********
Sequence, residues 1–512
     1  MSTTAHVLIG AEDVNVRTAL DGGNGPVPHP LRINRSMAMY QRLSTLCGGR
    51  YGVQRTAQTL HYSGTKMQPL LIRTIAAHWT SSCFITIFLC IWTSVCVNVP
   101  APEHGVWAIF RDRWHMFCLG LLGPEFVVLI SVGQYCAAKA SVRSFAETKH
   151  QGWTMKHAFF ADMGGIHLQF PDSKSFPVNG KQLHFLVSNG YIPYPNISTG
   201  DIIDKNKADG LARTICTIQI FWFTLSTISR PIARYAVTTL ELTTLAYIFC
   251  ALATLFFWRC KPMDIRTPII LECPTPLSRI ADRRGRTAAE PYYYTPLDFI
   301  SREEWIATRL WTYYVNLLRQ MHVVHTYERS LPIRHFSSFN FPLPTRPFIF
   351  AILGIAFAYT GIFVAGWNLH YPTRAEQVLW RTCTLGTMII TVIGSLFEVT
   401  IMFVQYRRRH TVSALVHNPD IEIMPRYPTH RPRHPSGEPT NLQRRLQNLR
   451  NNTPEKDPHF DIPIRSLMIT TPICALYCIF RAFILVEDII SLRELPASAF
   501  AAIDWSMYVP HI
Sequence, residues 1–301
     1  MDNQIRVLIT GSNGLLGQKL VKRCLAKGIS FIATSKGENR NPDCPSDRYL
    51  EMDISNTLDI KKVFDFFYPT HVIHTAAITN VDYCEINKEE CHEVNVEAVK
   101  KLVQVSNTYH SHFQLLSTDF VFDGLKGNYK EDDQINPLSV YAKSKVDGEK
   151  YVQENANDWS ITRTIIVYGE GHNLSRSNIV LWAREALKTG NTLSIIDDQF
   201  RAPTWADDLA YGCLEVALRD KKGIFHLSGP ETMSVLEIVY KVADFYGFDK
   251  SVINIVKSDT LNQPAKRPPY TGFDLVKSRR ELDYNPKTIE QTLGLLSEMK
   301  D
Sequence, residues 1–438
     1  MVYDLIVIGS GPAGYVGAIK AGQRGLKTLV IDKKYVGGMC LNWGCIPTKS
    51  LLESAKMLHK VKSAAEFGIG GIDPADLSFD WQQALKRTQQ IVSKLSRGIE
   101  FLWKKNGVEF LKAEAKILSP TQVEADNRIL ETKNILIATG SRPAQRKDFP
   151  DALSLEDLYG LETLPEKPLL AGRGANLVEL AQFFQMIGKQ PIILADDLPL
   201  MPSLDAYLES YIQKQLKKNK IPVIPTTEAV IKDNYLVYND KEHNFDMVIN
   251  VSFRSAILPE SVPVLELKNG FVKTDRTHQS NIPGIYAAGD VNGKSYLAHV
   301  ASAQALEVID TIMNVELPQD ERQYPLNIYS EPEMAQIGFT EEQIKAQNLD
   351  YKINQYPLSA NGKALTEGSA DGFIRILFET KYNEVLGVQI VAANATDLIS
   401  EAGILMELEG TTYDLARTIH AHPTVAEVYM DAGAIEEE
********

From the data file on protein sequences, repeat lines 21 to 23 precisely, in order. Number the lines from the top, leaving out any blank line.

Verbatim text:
Sequence, residues 1–438
     1  MVYDLIVIGS GPAGYVGAIK AGQRGLKTLV IDKKYVGGMC LNWGCIPTKS
    51  LLESAKMLHK VKSAAEFGIG GIDPADLSFD WQQALKRTQQ IVSKLSRGIE